Is the Alphabet Left in Trouble?
Progressive groups dependent on donations are hitting a rough patch
The great Daniel Marans at HuffPost has a new scoop—Justice Democrats laid off even more staff. The organization, which is one of the most influential progressive groups in America, already shed nine of its 20 staff and is now cutting an additional three. A full-time staff of eight will remain.
Even 20, by the standards of American political organizing, is not a terribly large number, but Justice Democrats always punched above their weight. Founded in the wake of Donald Trump’s shock victory, the group rose to prominence when it helped recruit Alexandria Ocasio-Cortez to run against Joe Crowley, one of the highest-ranked House Democrats. Justice Democrats’ philosophy is rather simple: wage primary campaigns against sitting Democrats from the left and slowly, over time, drag the whole party in that direction. Tea Party Republicans had found great success doing the same from the other direction and Justice Democrats, in the Trump era, seized on the grassroots energy pulsing through Democratic politics. Today, 11 Justice Democrats-endorsed lawmakers belong to Congress, including Ilhan Omar, Jamaal Bowman, and Cori Bush.
But the Justice Democrats’ model, like that of many professional and alphabet left organizations’, was always vulnerable to the fickle nature of fundraising. Justice Democrats mattered because they actively recruited candidates and helped train them. They assisted with fundraising and attracting media attention. In the late 2010s, when insurgent energy was at its peak, this was far less challenging. Trump’s presidency added urgency to every political action and kept left-leaning voters inordinately engaged. The so-called resistance was multifaceted, managing to unify anti-Trump liberals and Bernie Sanders-style leftists in the cause of building a bolder and more activist Democratic Party. A 26-year-old Sanders superfan and a 47-year-old who knocked doors for Hillary Clinton could come together around wanting to abolish ICE or stop Brett Kavanaugh. In 2020, many of these voters sorted into the Elizabeth Warren and Sanders camps, but even Joe Biden’s triumph in the Democratic primary held out a certain degree of hope: Trump was so alienating and unpopular that it seemed plausible Biden could not only win but dominate enough to generate large Obama or FDR-style majorities down the ballot. Barack Obama may have squandered his chance with 59 members of the Senate’s Democratic caucus, but Biden, governing in a very different moment, wouldn’t. The activist wing of the party held plenty of cards.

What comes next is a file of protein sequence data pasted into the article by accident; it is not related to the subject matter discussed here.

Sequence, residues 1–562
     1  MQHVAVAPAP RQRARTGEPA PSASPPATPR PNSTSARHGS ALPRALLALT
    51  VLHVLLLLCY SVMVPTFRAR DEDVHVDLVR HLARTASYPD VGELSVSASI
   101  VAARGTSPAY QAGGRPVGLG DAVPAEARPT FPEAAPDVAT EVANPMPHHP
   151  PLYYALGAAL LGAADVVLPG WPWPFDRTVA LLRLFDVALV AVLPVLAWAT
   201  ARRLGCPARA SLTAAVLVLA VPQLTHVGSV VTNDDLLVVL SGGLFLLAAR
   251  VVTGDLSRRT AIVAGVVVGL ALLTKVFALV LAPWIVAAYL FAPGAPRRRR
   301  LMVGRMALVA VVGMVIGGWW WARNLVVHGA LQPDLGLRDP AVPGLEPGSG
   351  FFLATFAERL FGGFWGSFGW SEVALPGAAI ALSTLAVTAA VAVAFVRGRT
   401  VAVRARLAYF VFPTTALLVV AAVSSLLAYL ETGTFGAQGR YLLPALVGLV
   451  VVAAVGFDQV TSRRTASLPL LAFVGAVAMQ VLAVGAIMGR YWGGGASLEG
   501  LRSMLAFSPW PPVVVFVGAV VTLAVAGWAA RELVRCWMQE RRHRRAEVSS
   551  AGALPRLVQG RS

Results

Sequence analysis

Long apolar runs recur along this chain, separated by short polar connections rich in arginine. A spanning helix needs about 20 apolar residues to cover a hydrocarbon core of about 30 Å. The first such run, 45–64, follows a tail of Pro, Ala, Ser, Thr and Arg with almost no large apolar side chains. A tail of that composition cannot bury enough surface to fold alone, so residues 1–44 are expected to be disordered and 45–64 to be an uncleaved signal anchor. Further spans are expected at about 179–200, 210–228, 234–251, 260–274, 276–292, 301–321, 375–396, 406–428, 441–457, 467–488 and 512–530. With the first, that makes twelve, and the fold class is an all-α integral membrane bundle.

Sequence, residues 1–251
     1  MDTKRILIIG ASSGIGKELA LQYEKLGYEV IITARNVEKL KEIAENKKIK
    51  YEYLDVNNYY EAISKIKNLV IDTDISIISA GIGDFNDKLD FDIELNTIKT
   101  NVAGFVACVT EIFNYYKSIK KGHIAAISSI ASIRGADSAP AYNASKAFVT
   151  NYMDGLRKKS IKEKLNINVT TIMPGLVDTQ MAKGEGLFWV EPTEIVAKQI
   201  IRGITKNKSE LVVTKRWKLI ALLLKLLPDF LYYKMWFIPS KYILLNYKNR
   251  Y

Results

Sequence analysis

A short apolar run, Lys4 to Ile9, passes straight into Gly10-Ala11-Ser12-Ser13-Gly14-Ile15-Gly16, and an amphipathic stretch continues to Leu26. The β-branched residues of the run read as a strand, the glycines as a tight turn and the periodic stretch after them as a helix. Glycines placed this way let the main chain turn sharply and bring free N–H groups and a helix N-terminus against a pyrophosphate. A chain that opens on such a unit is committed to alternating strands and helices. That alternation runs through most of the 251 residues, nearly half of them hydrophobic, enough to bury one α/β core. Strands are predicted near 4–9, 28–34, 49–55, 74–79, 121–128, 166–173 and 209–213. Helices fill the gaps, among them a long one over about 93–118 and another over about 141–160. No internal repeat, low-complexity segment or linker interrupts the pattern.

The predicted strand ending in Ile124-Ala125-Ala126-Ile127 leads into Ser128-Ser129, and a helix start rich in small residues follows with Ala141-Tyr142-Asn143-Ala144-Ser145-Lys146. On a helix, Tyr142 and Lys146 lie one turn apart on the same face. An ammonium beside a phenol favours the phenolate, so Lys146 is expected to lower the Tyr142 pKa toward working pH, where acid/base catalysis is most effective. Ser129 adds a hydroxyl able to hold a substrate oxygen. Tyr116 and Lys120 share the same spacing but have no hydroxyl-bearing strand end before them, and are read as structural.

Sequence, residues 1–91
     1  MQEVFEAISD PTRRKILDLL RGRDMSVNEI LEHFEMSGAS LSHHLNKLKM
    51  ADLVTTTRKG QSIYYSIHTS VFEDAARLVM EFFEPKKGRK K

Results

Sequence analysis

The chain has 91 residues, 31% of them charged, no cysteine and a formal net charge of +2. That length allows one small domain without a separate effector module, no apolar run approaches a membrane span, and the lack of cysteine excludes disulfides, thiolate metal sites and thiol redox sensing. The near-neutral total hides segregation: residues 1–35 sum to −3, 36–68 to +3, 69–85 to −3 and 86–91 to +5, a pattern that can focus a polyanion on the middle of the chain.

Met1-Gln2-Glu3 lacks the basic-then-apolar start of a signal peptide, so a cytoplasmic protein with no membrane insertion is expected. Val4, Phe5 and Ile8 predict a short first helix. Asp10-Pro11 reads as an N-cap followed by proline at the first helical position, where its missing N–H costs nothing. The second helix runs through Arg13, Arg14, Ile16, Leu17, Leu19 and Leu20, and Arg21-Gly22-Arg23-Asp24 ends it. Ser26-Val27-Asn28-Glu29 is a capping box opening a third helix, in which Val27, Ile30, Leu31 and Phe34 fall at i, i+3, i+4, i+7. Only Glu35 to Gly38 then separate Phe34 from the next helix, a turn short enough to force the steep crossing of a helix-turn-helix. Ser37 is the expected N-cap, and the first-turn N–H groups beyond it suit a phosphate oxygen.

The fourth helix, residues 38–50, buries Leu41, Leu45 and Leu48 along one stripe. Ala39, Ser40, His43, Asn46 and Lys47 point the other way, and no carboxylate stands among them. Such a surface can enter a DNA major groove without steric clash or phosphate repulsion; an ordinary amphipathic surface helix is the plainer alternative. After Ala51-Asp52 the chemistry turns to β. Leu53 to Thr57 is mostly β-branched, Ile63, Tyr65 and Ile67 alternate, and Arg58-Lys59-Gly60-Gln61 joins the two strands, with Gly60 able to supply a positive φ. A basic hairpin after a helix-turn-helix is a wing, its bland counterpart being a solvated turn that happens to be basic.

Instead, in the highest turnout election in modern history, Biden only won by four points. Trump lost because he couldn’t secure razor-thin victories in Georgia, Arizona, Michigan, Wisconsin, and Pennsylvania. His madness in the months leading up to Jan. 6 overshadowed what was otherwise a pretty good night for Republicans: they made gains up and down the ballot, narrowing the Democrats’ House majority and almost retaining the Senate outright. It would take Jon Ossoff and Raphael Warnock in Georgia to hand Democrats a 50-50 Senate majority. This was not the stuff Green New Deal majorities were made of. A new era had been inaugurated. Ultimately, it wouldn’t be a boon for Justice Democrats—or any unapologetically left-wing group that depended on a fervid donor base for survival.